Grades9 to 12
In the ClassroomDuring discussion of the Kingdom Monera, learn more about bacteria and our health with these articles which many will find informative and interesting. Consider creating blog posts or newsletter articles that can be shared between classes. Identify the common misconceptions of the role of bacteria in our lives. Create a class bacteria wiki. Learn more about wikis at the TeachersFirst's Wiki Walk-Through. These text articles can also be copied easily to your interactive whiteboard software for practice with science notetaking, main idea, summarizing, and more as part of content area reading practice.
Grades3 to 12
The categories on the site include "Play a game," "Print some activities to do," "Listen to a song," "Read a story," "Practice your writing," and "Find lots more activities." AND, each one of these categories is multi-leveled.
In the ClassroomThis extensive site will make the life of the ESL, ELL, or remedial reading teacher so much easier! Though intended for ESL/ELL teachers, this site can be used by any teacher who is teaching elementary reading and writing. It would also be good for remedial readers. In some parts, i.e. the interactives, you may want to pair up a proficient reader with the ESL/ELL student or remedial reader. The reading of the stories could be done with a projector or interactive whiteboard for a small group or the whole class, and then small groups of students could brainstorm the writing prompts at the end on an interactive white board. Share some of the activities with parents, as well, for at home practice with ESL/ELL students and their family members. Be sure to include this link on your class website.
Grades6 to 12
In the ClassroomUse your teacher gmail account to create different Mailinator accounts for each student by sending an email to the "spoof" account. For example, a student sends an email to firstname.lastname@example.org. Magically, your "spoof" email address has been created. Use this "spoof" email all year long for any web 2.0 tool you wish to sign up for. Find emails sent to the "spoof" account by viewing on the mailinator site (type in your "spoof" email address) or following an RSS feed (use a feed reader to view them all.) Important Note: emails must be read within a few hours as they are then permanently deleted. Caution students not to use these email addresses for anything important as it is not a regular email address. Use only for creating logins and registrations for other web 2.0 tools. Stumped with coming up with a unique name. Possible name choices are given on the site (refresh to see more options.) Be sure to read the FAQ's to familiarize yourself with the service and answer any questions you may have. Check to be sure this is not blocked by your school. If available on a teacher computer, consider cycling each student through your computer to get them signed up while being monitored. Record their "spoof" emails in case these are needed later and students forget. Be advised that these email accounts are public. If the same email address is entered on the site by someone else, those emails will be viewed. Despite this, use the service to quickly enter students to use the variety of cool online tools found on the Internet today.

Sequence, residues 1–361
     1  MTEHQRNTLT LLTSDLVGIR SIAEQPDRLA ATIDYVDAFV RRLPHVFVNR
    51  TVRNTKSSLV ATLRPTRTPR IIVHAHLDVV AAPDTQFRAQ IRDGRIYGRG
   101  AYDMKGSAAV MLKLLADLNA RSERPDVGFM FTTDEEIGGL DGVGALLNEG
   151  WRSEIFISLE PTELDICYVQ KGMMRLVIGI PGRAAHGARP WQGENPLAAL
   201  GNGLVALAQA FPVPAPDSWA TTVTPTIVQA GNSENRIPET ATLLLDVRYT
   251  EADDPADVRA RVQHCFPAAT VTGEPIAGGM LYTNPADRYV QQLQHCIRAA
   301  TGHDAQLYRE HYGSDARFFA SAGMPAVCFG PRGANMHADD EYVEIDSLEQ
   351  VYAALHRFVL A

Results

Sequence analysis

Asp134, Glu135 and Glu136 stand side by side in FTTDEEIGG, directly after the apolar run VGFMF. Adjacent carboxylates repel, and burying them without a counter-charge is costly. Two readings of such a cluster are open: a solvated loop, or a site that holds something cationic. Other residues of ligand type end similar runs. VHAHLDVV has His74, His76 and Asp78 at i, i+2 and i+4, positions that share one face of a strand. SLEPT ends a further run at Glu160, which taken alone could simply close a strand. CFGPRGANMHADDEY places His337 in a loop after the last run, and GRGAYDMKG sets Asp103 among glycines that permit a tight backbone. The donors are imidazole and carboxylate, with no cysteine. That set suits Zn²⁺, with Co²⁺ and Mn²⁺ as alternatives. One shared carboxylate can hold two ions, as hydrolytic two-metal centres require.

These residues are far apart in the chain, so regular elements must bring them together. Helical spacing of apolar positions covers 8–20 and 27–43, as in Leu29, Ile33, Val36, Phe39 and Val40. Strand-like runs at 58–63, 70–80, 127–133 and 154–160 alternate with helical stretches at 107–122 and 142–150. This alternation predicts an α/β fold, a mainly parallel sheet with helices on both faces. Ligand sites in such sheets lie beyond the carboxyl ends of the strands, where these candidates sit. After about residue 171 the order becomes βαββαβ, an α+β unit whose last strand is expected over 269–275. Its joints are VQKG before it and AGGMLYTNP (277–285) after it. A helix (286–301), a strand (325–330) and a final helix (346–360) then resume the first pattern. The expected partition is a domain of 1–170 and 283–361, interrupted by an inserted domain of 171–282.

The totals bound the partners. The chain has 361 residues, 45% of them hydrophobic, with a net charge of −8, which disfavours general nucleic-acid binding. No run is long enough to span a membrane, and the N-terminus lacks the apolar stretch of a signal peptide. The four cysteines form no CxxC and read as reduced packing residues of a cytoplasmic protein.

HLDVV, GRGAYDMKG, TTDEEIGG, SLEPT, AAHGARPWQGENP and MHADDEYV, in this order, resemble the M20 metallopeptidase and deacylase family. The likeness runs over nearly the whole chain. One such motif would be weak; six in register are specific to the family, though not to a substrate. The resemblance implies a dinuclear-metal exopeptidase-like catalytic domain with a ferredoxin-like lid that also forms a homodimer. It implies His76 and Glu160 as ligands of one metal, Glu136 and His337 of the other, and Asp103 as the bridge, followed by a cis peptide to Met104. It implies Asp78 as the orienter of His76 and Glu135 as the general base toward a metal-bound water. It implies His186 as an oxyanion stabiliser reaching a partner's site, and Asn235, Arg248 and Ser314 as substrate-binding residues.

Grades7 to 12
In the ClassroomFor ESL/ELL students, use magazines at this site to teach vocabulary and American culture. For current events classes, display the latest news online on your projector or interactive whiteboard, finding it quickly with just a few clicks. Have groups explore current news headlines and compare coverage or create their own videos (news or infomercials) using a site such as Teachers.TV reviewed here. This may also be a link that you would want to list on your class website for both students and parents to use at home. If you require current events article summaries each week, your students can use this site to find the latest at no cost. Reading teachers can easily find passages to use for comprehension skills such as main idea, summarizing, inferencing and more, all from current articles and ready to project on your interactive whiteboard for underlining, highlighting and discussion.